Stanza 2: "The hour draws nigh" - So far, I have only encountered the expression "draw nigh" in contexts where it means "approach", and my dictionary says the same. AvD writes, "Die Stunde schleicht", meaning that it creeps or crawls, i.e. time passes very slowly as it often does when you are waiting for something to happen. Moreover, in German there is an alliteration as both words begin with the sound 'sh'.
Excellent. There would be no way for one not fluent in German to pick up on those subtleties.
Stanza 3: You already drew your readers' attention to such alliterations and repetitions. A repetition (also found in l. 1 of stanza 2) is "Wo bleibt ...", which - I must admit - is almost untranslatable. Relatively close translations are "Why does He fail to appear" or "Wherever has He got to", but both are somehow unsatisfactory and useless in a poetic text. These are questions that German people may ask who are waiting desperately for someone to turn up.
"Though a seal/ be on the mouth, the soul must yet speak out"
The (rather common) metaphor of the seal is not in the German text, and I don't know why it should be used here because a seal on the mouth always means that the person is not allowed to speak, be it that someone else forbade it or the person him- or herself. AvD uses a metaphor in the next line: "the soul speaks out bleeding silently".
In the following, AvD uses imagery from nature, from the hot desert, which she already described in the first stanza. This imagery from nature is one of the weaker points of the translation. "Hot winds blow" - that's rather plain; AvD writes about a whirlwind whirling the dust through the air ("Der Wirbel stäubt" - I need a sentence to explain her three words!). And now there seems to be water - but the floods ("Fluten") consist of sand only. The translation could give people the impression there was a lake after all, though with a lot of sand in it. But I like the way the actions of the tiger and the snake are rendered.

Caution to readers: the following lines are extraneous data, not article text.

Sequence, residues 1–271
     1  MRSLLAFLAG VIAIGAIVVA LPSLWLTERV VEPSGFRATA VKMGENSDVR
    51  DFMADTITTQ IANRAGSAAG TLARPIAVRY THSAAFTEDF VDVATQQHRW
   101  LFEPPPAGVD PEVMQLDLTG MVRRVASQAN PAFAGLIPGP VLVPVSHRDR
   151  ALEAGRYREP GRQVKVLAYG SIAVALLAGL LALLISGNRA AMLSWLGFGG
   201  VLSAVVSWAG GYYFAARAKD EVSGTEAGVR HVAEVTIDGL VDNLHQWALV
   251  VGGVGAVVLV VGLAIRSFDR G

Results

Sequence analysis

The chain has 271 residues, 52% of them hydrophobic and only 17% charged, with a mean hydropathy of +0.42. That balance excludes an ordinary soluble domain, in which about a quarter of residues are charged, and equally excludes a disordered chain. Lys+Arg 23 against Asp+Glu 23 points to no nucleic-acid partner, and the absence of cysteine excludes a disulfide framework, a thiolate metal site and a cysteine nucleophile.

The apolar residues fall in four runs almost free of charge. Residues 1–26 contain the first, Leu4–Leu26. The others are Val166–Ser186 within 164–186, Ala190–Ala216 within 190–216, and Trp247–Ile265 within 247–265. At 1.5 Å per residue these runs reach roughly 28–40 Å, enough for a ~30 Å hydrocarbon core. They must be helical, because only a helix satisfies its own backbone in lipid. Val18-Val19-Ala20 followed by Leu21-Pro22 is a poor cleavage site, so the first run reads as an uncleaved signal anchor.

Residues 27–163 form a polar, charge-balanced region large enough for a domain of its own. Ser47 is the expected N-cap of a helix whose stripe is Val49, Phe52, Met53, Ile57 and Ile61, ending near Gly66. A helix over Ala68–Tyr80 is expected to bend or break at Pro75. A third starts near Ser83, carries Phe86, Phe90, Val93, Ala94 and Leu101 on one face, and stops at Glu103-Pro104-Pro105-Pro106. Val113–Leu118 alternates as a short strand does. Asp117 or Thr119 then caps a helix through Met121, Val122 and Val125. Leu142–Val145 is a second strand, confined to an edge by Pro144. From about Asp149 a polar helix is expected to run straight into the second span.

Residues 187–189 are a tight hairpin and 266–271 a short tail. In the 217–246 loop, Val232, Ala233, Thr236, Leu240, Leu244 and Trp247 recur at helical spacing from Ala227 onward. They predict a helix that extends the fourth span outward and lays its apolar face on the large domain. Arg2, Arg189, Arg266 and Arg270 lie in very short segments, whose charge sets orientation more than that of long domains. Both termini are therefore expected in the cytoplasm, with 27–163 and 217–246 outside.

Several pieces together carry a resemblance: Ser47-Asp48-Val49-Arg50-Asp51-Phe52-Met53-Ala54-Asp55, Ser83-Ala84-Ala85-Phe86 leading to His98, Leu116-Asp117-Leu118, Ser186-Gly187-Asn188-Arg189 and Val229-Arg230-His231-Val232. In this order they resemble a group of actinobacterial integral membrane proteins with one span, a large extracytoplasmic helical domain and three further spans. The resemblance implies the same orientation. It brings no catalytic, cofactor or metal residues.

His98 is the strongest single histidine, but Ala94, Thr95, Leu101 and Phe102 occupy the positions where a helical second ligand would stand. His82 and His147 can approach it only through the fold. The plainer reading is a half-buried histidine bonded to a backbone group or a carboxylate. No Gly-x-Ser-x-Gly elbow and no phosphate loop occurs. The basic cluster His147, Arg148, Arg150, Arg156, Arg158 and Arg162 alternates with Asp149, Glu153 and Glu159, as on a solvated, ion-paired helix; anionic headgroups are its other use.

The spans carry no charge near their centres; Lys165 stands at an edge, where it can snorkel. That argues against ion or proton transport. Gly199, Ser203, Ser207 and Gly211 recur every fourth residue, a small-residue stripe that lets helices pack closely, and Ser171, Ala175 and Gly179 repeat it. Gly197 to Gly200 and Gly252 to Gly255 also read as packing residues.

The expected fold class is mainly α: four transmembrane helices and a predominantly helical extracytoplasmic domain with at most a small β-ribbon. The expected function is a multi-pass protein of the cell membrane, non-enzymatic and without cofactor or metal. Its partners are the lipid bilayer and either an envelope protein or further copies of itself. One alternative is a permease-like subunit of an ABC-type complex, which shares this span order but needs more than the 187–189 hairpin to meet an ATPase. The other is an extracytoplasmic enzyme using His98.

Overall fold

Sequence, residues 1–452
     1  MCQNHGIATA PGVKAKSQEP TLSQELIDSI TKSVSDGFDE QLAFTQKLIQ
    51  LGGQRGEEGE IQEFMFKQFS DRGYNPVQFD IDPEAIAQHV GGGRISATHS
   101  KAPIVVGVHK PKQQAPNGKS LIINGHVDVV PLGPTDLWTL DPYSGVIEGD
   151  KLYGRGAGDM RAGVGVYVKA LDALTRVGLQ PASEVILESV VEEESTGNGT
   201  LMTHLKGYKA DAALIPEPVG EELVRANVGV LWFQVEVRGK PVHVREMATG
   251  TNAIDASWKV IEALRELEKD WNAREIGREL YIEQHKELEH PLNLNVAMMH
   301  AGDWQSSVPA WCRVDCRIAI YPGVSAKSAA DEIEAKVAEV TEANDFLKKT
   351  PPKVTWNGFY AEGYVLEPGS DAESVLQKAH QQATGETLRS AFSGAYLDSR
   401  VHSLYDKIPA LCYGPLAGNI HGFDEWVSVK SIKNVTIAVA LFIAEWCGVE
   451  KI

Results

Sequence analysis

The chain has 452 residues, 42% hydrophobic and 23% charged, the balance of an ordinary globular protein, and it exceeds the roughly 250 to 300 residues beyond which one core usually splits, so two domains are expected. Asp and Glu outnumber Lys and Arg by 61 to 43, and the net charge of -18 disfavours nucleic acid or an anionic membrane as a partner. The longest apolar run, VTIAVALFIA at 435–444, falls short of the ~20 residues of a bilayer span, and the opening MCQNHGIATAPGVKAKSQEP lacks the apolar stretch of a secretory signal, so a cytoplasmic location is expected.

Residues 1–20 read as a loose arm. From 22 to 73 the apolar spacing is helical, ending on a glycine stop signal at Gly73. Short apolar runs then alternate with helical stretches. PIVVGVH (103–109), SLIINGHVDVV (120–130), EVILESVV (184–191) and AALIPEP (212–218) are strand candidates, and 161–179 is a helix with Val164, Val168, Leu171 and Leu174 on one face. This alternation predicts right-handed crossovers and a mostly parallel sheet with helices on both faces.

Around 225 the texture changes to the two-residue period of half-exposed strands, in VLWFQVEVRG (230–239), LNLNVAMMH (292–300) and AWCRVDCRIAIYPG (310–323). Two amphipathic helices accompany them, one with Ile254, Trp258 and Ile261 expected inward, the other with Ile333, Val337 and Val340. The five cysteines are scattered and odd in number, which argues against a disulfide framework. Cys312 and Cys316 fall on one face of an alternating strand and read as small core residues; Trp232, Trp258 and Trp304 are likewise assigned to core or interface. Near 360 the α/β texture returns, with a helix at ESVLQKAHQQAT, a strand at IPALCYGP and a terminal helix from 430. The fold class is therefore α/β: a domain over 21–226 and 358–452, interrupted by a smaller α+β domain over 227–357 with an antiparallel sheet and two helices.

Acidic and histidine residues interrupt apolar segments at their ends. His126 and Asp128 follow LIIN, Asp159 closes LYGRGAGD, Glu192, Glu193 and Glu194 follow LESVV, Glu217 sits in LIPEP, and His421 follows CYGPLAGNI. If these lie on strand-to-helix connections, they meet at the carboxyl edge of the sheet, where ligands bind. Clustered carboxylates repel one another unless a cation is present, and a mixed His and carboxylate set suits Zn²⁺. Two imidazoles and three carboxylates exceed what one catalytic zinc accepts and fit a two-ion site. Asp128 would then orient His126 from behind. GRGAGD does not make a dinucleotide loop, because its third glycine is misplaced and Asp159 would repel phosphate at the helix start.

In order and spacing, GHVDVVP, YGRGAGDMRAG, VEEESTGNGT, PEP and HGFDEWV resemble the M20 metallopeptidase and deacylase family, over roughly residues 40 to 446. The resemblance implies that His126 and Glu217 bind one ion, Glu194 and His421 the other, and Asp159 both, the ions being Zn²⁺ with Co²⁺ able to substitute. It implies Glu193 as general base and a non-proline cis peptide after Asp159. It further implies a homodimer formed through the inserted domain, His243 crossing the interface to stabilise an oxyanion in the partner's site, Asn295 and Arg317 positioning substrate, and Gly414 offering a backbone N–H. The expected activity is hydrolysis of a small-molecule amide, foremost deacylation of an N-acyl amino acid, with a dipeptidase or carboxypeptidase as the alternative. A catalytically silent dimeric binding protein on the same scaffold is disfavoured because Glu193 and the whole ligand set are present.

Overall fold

Ah, now the insertion of that “seal” metaphor is a significant failure on the part of the translator. One can accept a roundabout way to translate something that is untranslatable and to simplify the nature imagery, but to create a metaphor where one doesn’t exist is a distortion. Idioms might have to be glossed over, but metaphors in poetry are the poem’s soul.
Stanza 4: (Are you still here? I admire your patience ...)
"a murmur" (of people?) - AvD says "Säuseln", which is the sound of a very light breeze so she stays within the imagery of nature. The whirlwind on the ground did not seem to make any unusual noise, but now everyone can hear that the wind is getting stronger "swelling and swelling and rising to a roaring storm" - the storm is already there, not just advancing. Am I too petty here? I suppose I am.
"wondering glance" - "fearful and glowing (fiery) glance(s)". Now there's the beginning of the next group of images - fire.
"'Tis here" - "Perceive"
No, you did not lose me…lol. I think the translator was using murmur for the breeze. A breeze murmurs is a cliché in English, and the translator was being unimaginative.
Stanza 5: "'Tis here" - "It's Him"
"quivering light" - not strong enough. AvD talks about flaring or flashing flames.
"the future dawns" - "the future breaks (open) - slow versus rapid process.
"Whisperingly ... is heard" - AvD writes about a silent whisper which is like begging for something. And it is not only heard but - as the "flood-gates" are now open, releasing a lot of water - the words are like a river making its way. But the translator mentions this aspect in the line before.
Stanza 6: ll. 1f and 3f are questions.
"Ich schmachte in der schwülen Nacht" - In German, the word "schmachten" has three connotations:
1. feeling a strong hunger, starving
2. being in a dungeon, underfed and robbed of your freedom
3. having a strong craving for your lover
So we might say that here is a hungry soul waiting for salvation, for a sign of the Lord, for comfort. In the translation the soul is only waiting for "day that never breaks" - an invention of the translator. Moreover, the night is "schwül", i.e. sultry, which brings us back to the imagery of the hot, almost unbearable weather, giving us the impression of a soul that finds its present state almost unbearable.
I have no idea why the translator did not translator those lines into questions. Seems like another significant flaw. And thank you for dissecting the line “Ich schmachte in der schwülen Nacht." Even with my extremely poor German I can hear the beauty in that line.
And thank you Barbara for taking the time to write this. I certainly appreciate it.